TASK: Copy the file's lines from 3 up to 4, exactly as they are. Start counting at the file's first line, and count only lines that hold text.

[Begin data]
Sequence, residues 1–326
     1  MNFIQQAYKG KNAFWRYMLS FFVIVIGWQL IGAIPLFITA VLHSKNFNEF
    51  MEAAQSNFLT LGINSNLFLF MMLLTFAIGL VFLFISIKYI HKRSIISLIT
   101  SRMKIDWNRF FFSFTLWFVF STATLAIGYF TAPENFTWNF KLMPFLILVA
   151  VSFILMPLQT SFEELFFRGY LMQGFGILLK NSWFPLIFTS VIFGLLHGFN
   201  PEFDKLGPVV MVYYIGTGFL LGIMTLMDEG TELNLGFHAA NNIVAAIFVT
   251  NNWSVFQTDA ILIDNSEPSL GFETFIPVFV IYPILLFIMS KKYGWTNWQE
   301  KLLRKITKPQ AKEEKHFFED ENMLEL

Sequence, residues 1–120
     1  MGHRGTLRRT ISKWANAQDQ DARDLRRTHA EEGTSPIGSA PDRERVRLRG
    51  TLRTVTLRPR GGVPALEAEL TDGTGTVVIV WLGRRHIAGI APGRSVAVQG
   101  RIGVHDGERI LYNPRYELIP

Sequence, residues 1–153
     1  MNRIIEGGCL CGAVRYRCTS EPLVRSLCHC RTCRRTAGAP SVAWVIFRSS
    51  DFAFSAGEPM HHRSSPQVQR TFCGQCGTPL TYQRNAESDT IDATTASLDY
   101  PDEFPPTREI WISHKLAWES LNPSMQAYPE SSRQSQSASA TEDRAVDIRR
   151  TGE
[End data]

    51  MEAAQSNFLT LGINSNLFLF MMLLTFAIGL VFLFISIKYI HKRSIISLIT
   101  SRMKIDWNRF FFSFTLWFVF STATLAIGYF TAPENFTWNF KLMPFLILVA